This is the the latest step in a decades long fight being brought by retired engineer Robert Latimer, who first noticed in the 90s that Northumbrian Water was discharging raw sewage regularly onto Whitburn Beach near his home in Sunderland.
Latimer, who is being supported by The Environmental Law Foundation and represented by Alex Shattock of Landmark Chambers, is bringing the case on the grounds that the regulator’s exercise of its duties under regulation 4(4) of the Urban Waste Water Treatment (England and Wales) Regulations 1994 (UWWTD) is “tainted by a misdirection of law” in respect to sewage discharges at Whitburn.
In a letter seen by ENDS, they argue that both DEFRA and Ofwat misunderstood the phrase “all normal local climatic conditions” in Regulation 4(4), which should be interpreted in light of an European Courts of Justice (ECJ) case brought in 2012 which ruled that the UK government had failed to comply with its obligations under the UWWTD.
The legal letters are pre-action protocol (PAP) letters. These explain the conduct and set out the steps a court would normally expect parties to take before proceedings are started.
In this ruling, it noted that the spills from the Whitburn Interceptor Tunnel in question were far too high for the discharges to be deemed “normal” in relation to the “frequency” and “intensity” of the spills.
Latimer’s legal team argue “misdirection has led to the defendants’ failure to adequately carry out their duties under the regulations”.
As part of the ECJ ruling, in 2017 the government completed an upgrade to the pipe. In the PAP, it is argued it is clear from the spill figures from between 2019 and 2021 that waste water discharges from the tunnel were in fact higher than the discharges the ECJ deemed “exceptional” in 2012.
In 2021 alone, 122 discharges amounting to 821,088 tonnes of sewage was released from the outfall, according to the PAP.
These overflows are directed into the storm interceptor tunnel system and from there discharge to sea through a long sea outfall, according to the letter.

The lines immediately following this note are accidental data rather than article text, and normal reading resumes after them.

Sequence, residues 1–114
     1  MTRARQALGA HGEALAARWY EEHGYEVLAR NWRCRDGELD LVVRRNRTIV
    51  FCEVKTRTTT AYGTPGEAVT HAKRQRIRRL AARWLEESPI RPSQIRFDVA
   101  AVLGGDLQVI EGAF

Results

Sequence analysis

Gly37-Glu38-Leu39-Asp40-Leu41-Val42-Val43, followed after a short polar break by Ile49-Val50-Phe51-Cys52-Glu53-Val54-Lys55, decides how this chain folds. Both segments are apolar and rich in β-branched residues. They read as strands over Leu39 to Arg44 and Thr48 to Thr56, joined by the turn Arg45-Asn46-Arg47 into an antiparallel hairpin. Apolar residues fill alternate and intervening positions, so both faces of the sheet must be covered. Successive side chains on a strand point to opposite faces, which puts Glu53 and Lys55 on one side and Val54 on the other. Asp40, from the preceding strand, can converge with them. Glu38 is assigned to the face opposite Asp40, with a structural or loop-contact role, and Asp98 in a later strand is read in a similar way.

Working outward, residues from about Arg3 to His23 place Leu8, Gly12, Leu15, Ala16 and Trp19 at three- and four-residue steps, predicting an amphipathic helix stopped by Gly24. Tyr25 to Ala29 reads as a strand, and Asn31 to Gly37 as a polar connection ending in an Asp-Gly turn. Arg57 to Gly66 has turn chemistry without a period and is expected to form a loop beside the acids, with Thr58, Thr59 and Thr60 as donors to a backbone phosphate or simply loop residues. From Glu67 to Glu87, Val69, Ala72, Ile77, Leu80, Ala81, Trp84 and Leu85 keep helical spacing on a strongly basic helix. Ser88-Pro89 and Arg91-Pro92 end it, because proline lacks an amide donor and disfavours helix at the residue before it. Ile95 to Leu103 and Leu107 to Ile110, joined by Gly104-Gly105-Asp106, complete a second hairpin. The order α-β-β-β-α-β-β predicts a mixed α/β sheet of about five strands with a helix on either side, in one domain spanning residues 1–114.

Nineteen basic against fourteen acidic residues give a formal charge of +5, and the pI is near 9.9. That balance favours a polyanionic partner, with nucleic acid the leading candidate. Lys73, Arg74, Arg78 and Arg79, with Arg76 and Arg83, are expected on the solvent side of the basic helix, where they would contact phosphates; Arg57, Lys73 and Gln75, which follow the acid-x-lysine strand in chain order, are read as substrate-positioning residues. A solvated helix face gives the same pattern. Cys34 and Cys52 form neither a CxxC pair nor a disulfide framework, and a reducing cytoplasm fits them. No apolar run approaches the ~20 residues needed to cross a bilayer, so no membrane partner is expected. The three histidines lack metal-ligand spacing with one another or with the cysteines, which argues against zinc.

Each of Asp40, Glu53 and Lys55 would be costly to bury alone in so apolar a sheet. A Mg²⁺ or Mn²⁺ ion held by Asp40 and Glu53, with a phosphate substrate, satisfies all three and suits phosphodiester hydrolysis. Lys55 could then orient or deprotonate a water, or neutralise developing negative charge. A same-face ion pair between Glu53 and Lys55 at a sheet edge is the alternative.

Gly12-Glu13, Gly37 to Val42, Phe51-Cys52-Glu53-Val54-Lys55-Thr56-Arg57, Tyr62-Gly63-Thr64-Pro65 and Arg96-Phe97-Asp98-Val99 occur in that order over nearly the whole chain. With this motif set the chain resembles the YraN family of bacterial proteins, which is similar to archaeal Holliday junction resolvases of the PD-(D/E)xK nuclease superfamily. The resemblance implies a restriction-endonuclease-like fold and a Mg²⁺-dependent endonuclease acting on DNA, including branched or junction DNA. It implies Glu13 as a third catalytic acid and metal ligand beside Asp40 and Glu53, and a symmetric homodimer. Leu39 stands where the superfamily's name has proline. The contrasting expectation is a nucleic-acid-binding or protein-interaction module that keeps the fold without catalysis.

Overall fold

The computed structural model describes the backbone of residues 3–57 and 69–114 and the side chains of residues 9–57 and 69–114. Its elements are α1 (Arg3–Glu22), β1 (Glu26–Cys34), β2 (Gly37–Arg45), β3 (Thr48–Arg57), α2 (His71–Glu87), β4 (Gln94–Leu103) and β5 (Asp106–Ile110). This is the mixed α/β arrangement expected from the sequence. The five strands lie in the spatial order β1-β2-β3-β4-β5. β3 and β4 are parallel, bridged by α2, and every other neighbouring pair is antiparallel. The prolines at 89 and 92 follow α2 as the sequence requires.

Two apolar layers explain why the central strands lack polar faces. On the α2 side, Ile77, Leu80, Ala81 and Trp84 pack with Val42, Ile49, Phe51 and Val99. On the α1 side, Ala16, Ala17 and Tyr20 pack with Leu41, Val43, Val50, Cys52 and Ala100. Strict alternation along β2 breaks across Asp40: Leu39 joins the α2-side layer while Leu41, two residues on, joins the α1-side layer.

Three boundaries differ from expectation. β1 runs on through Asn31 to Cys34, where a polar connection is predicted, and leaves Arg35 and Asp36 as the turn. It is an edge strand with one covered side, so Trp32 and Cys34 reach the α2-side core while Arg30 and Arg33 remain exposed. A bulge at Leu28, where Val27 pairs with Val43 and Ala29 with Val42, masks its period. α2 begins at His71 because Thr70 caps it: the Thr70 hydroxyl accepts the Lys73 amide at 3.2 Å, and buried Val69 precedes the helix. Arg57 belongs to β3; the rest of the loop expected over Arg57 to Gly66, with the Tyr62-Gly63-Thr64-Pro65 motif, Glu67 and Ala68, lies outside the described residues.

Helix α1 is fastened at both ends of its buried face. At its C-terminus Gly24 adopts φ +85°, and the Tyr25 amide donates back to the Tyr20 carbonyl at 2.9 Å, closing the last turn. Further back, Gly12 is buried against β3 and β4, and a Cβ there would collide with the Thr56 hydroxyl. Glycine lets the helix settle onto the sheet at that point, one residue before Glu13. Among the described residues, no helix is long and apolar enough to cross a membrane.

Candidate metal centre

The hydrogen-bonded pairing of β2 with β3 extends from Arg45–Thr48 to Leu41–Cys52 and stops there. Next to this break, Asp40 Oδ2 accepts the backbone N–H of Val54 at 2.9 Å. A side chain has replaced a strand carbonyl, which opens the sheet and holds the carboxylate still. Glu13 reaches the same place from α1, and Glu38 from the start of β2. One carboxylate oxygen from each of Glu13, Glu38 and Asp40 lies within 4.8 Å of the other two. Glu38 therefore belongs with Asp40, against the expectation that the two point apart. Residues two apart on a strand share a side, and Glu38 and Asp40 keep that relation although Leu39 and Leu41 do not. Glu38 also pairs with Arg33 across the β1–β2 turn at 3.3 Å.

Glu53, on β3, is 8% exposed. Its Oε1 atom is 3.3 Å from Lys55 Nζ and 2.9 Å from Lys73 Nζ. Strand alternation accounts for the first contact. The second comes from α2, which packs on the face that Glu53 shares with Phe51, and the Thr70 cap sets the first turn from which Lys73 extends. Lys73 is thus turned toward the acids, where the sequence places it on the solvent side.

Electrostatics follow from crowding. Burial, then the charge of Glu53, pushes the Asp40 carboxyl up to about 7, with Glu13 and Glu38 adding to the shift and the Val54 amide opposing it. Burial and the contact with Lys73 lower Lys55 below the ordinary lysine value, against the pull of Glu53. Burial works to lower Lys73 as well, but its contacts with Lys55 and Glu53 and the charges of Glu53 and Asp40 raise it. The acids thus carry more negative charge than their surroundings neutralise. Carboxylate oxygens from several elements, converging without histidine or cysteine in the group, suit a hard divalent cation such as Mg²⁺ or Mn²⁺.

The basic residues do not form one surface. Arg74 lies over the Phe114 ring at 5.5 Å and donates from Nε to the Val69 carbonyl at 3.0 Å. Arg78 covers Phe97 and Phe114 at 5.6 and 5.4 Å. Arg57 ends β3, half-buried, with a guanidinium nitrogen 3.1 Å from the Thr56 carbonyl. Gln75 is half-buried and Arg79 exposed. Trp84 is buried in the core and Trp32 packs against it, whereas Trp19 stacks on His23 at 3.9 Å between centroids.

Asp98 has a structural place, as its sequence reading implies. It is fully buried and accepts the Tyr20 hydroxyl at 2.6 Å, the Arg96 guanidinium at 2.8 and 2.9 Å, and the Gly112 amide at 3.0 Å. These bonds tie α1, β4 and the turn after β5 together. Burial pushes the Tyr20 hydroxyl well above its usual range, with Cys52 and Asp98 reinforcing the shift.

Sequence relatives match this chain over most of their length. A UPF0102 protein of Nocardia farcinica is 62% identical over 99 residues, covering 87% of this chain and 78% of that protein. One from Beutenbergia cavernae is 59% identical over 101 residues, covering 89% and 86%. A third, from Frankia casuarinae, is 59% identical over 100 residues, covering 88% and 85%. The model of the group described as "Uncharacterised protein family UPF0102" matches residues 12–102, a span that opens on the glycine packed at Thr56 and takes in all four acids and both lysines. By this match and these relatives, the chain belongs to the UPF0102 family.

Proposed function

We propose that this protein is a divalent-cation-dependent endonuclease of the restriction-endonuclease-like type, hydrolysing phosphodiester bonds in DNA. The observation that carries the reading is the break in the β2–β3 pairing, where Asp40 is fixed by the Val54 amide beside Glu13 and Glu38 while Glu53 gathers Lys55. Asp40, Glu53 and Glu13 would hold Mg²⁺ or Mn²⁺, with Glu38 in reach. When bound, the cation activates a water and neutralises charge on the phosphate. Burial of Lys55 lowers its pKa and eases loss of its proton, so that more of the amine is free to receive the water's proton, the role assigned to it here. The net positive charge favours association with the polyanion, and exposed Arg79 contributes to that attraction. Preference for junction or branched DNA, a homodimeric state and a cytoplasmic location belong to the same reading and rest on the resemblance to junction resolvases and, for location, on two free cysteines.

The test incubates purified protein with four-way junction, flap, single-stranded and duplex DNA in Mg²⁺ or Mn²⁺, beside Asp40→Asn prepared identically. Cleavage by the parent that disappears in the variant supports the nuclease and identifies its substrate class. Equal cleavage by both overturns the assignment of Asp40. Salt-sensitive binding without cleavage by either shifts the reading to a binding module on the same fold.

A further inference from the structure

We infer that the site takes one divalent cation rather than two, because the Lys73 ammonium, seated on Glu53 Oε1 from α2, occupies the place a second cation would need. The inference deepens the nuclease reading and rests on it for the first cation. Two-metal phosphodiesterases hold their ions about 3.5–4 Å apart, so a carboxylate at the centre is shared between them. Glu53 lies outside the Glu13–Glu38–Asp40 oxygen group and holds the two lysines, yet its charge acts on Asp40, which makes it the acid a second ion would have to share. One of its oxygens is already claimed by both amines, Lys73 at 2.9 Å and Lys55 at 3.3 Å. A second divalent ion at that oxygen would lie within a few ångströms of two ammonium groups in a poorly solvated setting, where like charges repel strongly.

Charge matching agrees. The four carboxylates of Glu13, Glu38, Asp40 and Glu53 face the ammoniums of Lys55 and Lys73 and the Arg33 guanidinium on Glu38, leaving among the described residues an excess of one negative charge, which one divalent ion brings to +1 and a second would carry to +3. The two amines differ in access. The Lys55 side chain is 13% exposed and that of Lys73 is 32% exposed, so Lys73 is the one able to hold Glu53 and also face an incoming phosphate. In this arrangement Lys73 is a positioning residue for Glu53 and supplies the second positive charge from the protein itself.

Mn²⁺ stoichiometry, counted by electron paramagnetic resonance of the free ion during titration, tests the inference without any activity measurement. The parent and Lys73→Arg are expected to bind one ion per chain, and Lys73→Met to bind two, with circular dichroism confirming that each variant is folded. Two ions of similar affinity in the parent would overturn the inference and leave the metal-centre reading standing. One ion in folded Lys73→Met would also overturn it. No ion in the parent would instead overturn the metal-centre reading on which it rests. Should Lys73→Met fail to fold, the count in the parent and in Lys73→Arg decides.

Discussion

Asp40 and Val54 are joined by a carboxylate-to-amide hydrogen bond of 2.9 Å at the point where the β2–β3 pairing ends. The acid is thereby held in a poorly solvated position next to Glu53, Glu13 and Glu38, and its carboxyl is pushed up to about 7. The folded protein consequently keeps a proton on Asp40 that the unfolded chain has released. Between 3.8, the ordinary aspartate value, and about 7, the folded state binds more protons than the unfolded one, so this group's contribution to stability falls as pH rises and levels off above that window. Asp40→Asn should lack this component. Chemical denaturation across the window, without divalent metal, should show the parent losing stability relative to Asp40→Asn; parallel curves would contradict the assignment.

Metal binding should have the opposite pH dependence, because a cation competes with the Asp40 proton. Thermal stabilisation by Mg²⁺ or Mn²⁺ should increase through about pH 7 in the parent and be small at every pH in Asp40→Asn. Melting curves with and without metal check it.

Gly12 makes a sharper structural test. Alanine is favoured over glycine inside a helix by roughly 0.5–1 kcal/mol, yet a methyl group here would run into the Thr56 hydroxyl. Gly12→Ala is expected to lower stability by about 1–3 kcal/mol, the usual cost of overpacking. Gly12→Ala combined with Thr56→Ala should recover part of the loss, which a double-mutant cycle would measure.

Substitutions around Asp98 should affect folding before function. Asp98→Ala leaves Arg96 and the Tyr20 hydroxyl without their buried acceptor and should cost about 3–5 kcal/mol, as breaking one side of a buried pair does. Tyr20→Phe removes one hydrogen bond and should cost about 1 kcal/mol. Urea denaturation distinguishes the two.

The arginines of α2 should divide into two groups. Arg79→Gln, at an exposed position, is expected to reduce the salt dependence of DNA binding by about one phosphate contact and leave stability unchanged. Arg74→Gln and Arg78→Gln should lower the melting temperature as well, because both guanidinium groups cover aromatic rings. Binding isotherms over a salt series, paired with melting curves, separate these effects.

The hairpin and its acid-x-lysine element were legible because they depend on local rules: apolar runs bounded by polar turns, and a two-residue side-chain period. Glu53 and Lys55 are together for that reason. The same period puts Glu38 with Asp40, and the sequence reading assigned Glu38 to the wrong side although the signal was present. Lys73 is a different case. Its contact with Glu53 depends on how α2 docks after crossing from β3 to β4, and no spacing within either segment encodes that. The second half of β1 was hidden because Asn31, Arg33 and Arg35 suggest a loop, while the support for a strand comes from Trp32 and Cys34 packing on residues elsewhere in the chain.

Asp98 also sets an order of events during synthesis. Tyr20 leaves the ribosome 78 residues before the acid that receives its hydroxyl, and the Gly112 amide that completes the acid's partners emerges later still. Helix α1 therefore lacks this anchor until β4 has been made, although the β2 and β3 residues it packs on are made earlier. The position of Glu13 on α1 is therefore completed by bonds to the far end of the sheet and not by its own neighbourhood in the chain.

The legal team argue that despite the “exceptional” overflow figures, “it is apparent that DEFRA and Ofwat mistakenly consider that the UK is now compliant with the judgement of the court following the 2017 upgrades to the Whitburn system”.
Latimer, who ran an engineering business which he has now passed on to his son, told ENDS that in his profession a project would not be completed or paid for until it was approved by the engineer.
He continued: “We have ended up with a system in the UK where the water company decides what has to be done then instead of fixing the problem, they try to vary the permits so it seems as if they are complying – but have not invested the money.
“In any other walk of life in the UK, if you are paying for a service or a commodity and you did not receive what you paid for, or was not delivered, you would ask for your money back, but not in this case.”
In terms of his hopes for this legal action, he said: “Ofwat and DEFRA have evaded any suggestion that things are very wrong here – we have been showing evidence of this for more than twenty years, so now it is time for them to own up and make sure that all our sewage is treated, as the regulations demand, not just put it into the sea and the river.
“This is now a national issue and I hope our legal letter will be joined by many others.”